Will You Upload Your Mind Anytime Soon?

Dr. Ken Hayworth, PhD, addresses the question: Will You Upload Your Mind?


(Kenneth Hayworth, PhD Upload Your Mind video)

Mind uploading is the process of transferring the contents of an individual’s biological mind, including: memories, consciousness and personality traits…to another substrate, such as a computer.

There are countless ways human brain mapping will help humanity, notably for understanding and combating neurological disorders. But Hayworth’s ultimate goal of mind uploading pushes the research into the realm of a post-human possibility, a place few scientists have opened their own minds to.

Several large scale scientific endeavors to better understand the brain are underway; their success or failure could set the tone for the future mainstream acceptance or rejection of Hayworth's roadmap to mind uploading.

The idea of moving a person's mind into some sort of receptacle has been kicking around in the minds of science fiction writers for some time. Recently, sf fans enjoyed Richard Morgan's view of this idea; see this article on cortical stacks which regularly update the person in a remote storage facility.

I also recall several instances of this idea in the original Star Trek series; this first one appears to use the brain transplant idea.

ALICE 263: These are our Barbara series. The body is covered with a self-renewing plastic over a skeleton of beryllium-titanium alloy.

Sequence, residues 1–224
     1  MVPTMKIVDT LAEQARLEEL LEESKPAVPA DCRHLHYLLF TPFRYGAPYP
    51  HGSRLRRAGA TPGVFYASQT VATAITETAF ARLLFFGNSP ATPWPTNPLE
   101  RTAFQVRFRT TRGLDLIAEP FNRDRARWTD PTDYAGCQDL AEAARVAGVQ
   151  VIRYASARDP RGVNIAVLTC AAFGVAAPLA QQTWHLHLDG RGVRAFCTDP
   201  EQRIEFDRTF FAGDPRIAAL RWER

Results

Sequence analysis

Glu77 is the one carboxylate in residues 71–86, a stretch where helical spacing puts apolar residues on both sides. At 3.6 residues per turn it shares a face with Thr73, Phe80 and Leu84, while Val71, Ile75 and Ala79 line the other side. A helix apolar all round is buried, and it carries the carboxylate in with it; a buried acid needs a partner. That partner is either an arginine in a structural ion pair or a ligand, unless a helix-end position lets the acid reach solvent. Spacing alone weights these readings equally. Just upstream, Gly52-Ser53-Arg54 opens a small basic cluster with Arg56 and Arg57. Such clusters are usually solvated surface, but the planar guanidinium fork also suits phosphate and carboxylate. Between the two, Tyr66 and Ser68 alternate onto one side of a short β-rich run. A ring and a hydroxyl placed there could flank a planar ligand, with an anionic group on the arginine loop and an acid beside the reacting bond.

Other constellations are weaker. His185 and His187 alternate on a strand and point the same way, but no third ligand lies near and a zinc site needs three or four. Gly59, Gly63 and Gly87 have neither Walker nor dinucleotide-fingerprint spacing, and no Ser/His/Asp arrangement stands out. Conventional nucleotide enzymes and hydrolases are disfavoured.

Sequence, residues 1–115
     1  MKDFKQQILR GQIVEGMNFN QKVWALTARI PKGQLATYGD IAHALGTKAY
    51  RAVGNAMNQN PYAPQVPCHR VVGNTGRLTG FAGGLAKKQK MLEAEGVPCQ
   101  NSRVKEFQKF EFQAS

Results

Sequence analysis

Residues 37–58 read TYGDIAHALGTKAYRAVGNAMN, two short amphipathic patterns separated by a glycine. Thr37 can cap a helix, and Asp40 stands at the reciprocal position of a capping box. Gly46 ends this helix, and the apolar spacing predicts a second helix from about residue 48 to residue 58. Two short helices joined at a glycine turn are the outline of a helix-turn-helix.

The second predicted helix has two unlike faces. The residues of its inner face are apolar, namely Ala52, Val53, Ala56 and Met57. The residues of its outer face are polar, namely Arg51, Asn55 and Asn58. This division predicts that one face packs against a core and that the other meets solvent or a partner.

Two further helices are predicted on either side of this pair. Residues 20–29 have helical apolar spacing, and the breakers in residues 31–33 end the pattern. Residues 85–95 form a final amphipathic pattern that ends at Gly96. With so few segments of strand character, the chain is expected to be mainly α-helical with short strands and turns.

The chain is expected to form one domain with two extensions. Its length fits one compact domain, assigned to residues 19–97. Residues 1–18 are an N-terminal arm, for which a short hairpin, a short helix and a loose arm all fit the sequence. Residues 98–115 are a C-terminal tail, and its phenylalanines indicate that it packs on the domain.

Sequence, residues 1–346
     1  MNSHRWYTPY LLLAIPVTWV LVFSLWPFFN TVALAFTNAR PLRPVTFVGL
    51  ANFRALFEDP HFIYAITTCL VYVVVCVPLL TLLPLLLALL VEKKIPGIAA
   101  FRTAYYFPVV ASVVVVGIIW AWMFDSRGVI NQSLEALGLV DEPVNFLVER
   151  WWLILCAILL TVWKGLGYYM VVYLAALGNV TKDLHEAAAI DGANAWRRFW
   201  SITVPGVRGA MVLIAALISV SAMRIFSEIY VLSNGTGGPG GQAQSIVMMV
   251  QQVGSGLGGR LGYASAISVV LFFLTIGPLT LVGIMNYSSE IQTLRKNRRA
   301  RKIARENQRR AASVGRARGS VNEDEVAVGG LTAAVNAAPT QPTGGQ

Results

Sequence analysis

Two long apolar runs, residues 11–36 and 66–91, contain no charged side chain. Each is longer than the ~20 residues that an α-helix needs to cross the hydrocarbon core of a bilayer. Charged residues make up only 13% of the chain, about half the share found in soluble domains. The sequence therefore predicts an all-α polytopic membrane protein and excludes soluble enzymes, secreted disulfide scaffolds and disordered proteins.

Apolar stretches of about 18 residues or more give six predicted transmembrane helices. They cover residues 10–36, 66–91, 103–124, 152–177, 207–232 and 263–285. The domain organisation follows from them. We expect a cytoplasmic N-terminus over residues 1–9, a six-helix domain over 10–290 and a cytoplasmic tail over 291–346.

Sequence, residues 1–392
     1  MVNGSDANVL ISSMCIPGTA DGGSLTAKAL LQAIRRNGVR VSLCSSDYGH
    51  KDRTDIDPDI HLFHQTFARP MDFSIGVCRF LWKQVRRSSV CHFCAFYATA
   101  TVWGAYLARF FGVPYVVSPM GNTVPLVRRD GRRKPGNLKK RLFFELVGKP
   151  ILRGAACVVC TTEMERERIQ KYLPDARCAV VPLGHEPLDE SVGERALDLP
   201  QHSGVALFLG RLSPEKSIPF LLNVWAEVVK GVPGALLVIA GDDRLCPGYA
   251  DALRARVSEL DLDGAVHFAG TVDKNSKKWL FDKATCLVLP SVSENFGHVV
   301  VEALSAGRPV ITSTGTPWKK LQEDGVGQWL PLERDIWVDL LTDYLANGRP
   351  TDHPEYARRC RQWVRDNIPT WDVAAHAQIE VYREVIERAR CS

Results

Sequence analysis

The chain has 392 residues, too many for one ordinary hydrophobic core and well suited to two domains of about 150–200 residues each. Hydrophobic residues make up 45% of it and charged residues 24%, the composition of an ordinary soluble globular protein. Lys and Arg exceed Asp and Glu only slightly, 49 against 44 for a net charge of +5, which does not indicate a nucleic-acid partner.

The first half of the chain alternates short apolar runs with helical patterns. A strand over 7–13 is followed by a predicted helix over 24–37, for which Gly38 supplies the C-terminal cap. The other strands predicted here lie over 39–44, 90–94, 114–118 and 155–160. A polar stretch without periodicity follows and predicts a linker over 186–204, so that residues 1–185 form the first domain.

KIRK: Very impressive.
UHURA: I should say so.
KIRK: I must say, I like the styling.
MUDD: They were, of course, made to my personal specifications, as indeed were the Maisie series, the Trudie series, and particularly the Annabel series.
KIRK: Don't you believe in male androids, Harry?
MUDD: Male? Well, I suppose they have their uses.
UHURA: How long does a body like that last?
ALICE 19: None of our android bodies has ever worn out. However, the estimated duration of this model is five hundred thousand years.
UHURA: Five hundred thousand years?
ALICE 263: Our medi-robots are able to place a human brain within a structurally compatible android body.
MUDD: Immortality and eternal beauty.

In another episode, What are Little Girls Made of?, a scientist moves his mind into an android body, only to find that his soul is missing.

Update 21-Dec-2014: See also the virtual immortality offered by Arthur C. Clarke in his 1956 novel The City and the Stars. End Update.

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